They plan to rob a shopkeeper and use the money to leave the island. Their plans begin to change when they meet Felix and Amelie Ducotel and their daughter. Felix manages, or rather mismanages, a small department store.

The convicts decide to spend Christmas with the Ducotel family. They decorate the house and prepare and serve the dinner. Just when everything is going so well, Felix's cousin Andre and Andre's nephew Paul arrive unexpectedly.

Andre is nasty bit of goods who owns the store managed by Felix. He plans to audit the books and if the store is not profitable, he will fire Felix and put him and his family into the street. Andre is just the sort of man the convicts are looking for.

Join this trio of rogues at Christmastime. There are some very funny scenes, some charming songs, and a great cast. It's a good way to enjoy part of this Christmas and/or any Christmas season.

Check out this TCM article for a behind-the-scenes look at the film. And for other Christmas films at the library, browse our lists of Christmas Movies and Family Christmas Movies.
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Spotlight: Edward Norton

One actor whose films I’m always anxious to watch is Edward Norton. He is so gifted and versatile. The characters he plays are often intense and/or troubled, and always captivating and true-to-life. My favorite films are American History X (1998) and Primal Fear (1996), although I’ve also enjoyed many others. Here’s a selection of some of his movies that are available at IPPL:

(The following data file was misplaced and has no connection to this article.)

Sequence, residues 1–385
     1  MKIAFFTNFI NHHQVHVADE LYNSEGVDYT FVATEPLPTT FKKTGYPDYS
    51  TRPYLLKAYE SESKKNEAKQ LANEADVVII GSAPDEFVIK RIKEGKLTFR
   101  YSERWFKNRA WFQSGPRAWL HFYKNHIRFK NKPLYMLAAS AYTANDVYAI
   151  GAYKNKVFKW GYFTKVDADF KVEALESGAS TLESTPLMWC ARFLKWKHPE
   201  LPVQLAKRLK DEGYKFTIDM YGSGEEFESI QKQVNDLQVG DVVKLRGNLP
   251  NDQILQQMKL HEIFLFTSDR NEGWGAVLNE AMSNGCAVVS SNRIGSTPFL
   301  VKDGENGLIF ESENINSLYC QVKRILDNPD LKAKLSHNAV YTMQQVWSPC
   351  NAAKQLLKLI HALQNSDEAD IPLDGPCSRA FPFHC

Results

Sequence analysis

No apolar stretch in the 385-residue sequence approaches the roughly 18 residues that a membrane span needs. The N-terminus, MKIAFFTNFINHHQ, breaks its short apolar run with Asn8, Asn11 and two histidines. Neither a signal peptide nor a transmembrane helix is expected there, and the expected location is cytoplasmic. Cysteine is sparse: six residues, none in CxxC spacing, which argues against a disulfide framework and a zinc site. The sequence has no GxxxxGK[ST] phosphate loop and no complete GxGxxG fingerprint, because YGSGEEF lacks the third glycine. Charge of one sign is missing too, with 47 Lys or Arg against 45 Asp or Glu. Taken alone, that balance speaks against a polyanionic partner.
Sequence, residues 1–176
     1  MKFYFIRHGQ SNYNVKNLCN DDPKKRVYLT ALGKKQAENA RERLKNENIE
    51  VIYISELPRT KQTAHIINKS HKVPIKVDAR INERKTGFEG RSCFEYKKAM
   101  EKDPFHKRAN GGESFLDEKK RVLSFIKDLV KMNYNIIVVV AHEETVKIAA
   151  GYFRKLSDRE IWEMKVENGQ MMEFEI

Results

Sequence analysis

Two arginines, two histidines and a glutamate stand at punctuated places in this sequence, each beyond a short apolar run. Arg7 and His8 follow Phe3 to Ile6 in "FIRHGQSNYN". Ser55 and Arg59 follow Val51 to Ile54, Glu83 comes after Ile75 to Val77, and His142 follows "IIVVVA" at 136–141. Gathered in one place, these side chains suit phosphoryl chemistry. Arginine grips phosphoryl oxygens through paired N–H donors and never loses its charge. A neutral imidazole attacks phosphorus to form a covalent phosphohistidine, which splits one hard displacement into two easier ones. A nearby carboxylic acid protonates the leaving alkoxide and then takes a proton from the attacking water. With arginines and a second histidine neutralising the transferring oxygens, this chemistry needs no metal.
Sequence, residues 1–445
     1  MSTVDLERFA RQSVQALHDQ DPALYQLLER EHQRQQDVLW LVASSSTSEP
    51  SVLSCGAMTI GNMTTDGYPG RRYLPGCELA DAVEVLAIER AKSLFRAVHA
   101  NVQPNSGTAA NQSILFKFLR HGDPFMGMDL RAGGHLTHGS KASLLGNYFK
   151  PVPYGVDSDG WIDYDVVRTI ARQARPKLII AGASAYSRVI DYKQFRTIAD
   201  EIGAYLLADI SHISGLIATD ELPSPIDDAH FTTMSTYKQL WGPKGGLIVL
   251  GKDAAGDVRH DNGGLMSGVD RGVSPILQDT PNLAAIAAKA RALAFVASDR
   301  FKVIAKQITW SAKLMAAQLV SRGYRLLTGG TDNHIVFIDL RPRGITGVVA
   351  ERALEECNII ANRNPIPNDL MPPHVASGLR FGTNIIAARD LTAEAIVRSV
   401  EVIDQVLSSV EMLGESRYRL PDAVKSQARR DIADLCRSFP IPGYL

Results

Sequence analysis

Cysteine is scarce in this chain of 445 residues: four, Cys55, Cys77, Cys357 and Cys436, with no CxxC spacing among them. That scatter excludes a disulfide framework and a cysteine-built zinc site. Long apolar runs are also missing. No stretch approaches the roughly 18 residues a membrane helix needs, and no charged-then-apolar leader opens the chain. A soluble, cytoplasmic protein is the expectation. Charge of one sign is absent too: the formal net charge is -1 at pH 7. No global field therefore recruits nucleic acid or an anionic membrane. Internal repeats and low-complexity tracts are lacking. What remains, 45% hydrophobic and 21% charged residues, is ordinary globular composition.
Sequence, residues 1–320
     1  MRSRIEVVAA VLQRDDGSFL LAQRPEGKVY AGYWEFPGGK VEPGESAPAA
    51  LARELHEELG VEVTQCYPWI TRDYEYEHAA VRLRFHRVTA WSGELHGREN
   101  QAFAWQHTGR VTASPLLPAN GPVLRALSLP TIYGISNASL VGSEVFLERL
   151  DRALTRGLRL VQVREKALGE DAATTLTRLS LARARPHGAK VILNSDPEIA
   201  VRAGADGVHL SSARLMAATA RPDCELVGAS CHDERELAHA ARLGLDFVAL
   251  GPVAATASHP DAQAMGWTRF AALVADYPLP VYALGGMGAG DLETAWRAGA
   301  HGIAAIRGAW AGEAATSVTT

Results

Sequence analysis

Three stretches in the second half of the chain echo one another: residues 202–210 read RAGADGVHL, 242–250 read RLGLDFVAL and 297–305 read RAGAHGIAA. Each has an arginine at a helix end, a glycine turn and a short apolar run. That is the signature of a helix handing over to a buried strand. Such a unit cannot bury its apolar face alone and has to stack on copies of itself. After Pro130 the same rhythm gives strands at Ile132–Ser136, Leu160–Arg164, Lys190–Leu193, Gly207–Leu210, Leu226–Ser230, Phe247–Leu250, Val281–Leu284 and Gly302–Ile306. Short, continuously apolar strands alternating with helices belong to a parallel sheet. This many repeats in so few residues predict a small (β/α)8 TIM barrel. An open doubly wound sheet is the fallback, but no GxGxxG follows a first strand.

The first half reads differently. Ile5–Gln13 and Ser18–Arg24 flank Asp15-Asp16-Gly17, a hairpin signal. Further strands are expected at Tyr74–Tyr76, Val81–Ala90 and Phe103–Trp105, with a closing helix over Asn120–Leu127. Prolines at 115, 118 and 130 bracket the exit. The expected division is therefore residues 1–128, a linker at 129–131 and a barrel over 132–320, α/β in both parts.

A Hitchhiker's Guide to the Galaxy (2005) PG

A very funny and an interesting plot. The film was brilliant, and it makes me want to read the book by Douglas Adams, A Hitchhiker's Guide to the Galaxy. The science fiction series was originally broadcast as a radio show on BBC radio 4. Watch A Hitchhiker's Guide to the Galaxy today.

One for the Money (2012) PG-13

To all Janet Evanovich fans: it’s Stephanie Plum, the bounty hunter, in the flesh! One for the Money is based on Evanovich’s first Stephanie Plum novel of the same name. The film comes packed full with action, laughs, and many favorite characters you know and love (even Grandma Mazer!). A fun movie!